Longform's Best War Stories of 2011

Longform.org's guide to the greatest long articles ever written.
Dec. 27 2011 12:54 PM

Longform’s Guide to the Best War Stories of 2011

From Iraq to Afghanistan to Libya, amazing stories from the world’s battlefields.

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This week, we’ll be sharing our favorite articles of the year on Slate. For our full list—including the top 10 stories about sports, politics, tech, and more—check out Longform’s Best of 2011. —The Editors

Nicholas Schmidle • The New Yorker

The story of the Abbottabad raid:

“A second SEAL stepped into the room and trained the infrared laser of his M4 on bin Laden’s chest. The Al Qaeda chief, who was wearing a tan shalwar kameez and a prayer cap on his head, froze; he was unarmed. ‘There was never any question of detaining or capturing him—it wasn’t a split-second decision. No one wanted detainees,’ the special-operations officer told me. (The Administration maintains that had bin Laden immediately surrendered he could have been taken alive.) Nine years, seven months, and twenty days after September 11th, an American was a trigger pull from ending bin Laden’s life. The first round, a 5.56-mm. bullet, struck bin Laden in the chest. As he fell backward, the SEAL fired a second round into his head, just above his left eye. On his radio, he reported, ‘For God and country—Geronimo, Geronimo, Geronimo.’ After a pause, he added, ‘Geronimo E.K.I.A.’—‘enemy killed in action.’

“Hearing this at the White House, Obama pursed his lips, and said solemnly, to no one in particular, ‘We got him.’ ”

Scott Horton • Foreign Policy

Why Pakistan let a CIA contractor go:

"If you wanted to identify the low point of U.S.-Pakistan relations, a good place to start would be Jan. 27 of this year. In heavy midday traffic, an American named Raymond A. Davis stopped his white Honda Civic at a light in Lahore's Qurtaba Chowk neighborhood, drew a Glock pistol, and fired 10 rounds at two young Pakistani men, Faizan Haider and Faheem Shamshad, killing both of them. Davis then attempted to flee the scene but was apprehended by regional police when a car in the road ahead of him stalled.”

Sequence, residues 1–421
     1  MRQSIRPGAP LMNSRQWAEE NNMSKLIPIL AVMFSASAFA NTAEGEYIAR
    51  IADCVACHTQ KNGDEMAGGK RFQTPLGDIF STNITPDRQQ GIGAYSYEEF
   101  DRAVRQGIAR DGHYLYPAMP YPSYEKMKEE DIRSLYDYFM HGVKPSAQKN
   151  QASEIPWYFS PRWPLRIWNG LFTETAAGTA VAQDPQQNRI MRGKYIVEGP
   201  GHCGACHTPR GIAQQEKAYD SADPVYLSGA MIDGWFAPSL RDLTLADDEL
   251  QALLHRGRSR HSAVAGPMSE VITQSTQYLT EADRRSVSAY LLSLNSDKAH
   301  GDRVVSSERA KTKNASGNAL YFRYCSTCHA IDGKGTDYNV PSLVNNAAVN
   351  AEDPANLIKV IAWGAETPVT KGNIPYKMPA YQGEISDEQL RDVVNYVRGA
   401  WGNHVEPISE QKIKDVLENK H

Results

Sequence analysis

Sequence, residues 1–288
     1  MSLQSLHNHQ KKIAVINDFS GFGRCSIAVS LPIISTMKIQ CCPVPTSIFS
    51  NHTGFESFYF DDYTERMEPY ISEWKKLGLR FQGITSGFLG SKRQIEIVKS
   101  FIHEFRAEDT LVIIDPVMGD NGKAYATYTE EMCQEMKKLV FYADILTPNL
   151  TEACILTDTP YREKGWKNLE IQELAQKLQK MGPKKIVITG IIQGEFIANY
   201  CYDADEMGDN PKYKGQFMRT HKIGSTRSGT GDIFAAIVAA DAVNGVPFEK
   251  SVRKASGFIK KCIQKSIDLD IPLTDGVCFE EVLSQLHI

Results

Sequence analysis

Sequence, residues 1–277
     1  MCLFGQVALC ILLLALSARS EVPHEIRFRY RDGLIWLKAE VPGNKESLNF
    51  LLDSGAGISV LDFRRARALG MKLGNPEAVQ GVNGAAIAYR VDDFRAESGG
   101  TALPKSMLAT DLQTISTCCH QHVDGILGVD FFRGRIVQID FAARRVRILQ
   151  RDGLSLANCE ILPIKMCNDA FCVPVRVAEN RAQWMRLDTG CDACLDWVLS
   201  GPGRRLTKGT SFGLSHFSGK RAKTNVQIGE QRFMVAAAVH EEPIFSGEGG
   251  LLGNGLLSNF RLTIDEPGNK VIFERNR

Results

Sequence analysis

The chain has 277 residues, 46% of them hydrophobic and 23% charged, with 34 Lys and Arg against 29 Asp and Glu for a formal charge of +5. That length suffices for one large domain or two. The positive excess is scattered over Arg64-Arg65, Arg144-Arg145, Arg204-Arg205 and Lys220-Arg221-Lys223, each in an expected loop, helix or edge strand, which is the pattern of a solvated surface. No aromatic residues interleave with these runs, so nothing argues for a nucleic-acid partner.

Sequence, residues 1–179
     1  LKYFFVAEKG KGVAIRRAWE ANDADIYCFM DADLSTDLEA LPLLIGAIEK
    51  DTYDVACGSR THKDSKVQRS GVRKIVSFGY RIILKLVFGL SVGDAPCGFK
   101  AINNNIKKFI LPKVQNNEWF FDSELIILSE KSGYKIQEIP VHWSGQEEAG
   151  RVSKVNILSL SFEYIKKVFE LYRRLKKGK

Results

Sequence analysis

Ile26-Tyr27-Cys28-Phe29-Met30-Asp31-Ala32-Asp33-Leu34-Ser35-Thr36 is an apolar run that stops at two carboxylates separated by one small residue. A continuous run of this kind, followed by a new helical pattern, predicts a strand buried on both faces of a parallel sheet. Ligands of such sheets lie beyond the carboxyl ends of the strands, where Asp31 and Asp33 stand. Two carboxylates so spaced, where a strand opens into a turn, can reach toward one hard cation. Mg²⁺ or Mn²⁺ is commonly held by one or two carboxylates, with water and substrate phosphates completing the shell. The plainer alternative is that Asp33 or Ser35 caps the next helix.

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Daniel Voll • Esquire

The uncertain fate of Baghdad's top terrorist hunter:

“Omar Mohammed hunts terrorists in Baghdad. Hunts them and kills them. A few months ago, he killed two big guys in Al Qaeda — Abu Ayyub al-Masri and Abu Omar al-Baghdadi, the two most-wanted terrorists in all of Iraq. But when you hunt Al Qaeda, they also hunt you. The more you kill them, the more they want to kill you. They've shot Omar, blown him up, and killed dozens of his men."

John Lee Anderson • The New Yorker

On the life, legacy, and last days of Muammar Qaddafi:

"The rebels had ransacked the wardrobes, and piles of clothes lay on the floor. I saw a man emerge from a room in a black silk robe and declare, 'I am Qaddafi, King of Africa!' Indeed, trophies of the old order became fashionable around Tripoli. One evening, I saw a rebel soldier manning a roadblock with a gold-plated Kalashnikov, one of several such weapons found in Qaddafi’s residence. During a rally in Green Square, the center of protests in Tripoli, a fighter danced up next to me wearing a leopard skin, lined with green satin. He said it had come from Qaddafi’s closet, and guessed it had been a gift from a visiting witch doctor. It was an article of faith among the rebels that Qaddafi had regularly used magic to prop up his long reign. What other explanation could there be?"

Mark Boal • Rolling Stone

The war crime the Pentagon tried to censor:

“The loud report of the guns echoed all around the sleepy farming village. The sound of such unexpected gunfire typically triggers an emergency response in other soldiers, sending them into full battle mode. Yet when the shots rang out, some soldiers didn't seem especially alarmed, even when the radio began to squawk. It was Morlock, agitated, screaming that he had come under attack. On a nearby hill, Spc. Adam Winfield turned to his friend, Pfc. Ashton Moore, and explained that it probably wasn't a real combat situation. It was more likely a staged killing, he said – a plan the guys had hatched to take out an unarmed Afghan without getting caught.

“Back at the wall, soldiers arriving on the scene found the body and the bloodstains on the ground. Morlock and Holmes were crouched by the wall, looking excited. When a staff sergeant asked them what had happened, Morlock said the boy had been about to attack them with a grenade. 'We had to shoot the guy,' he said.”

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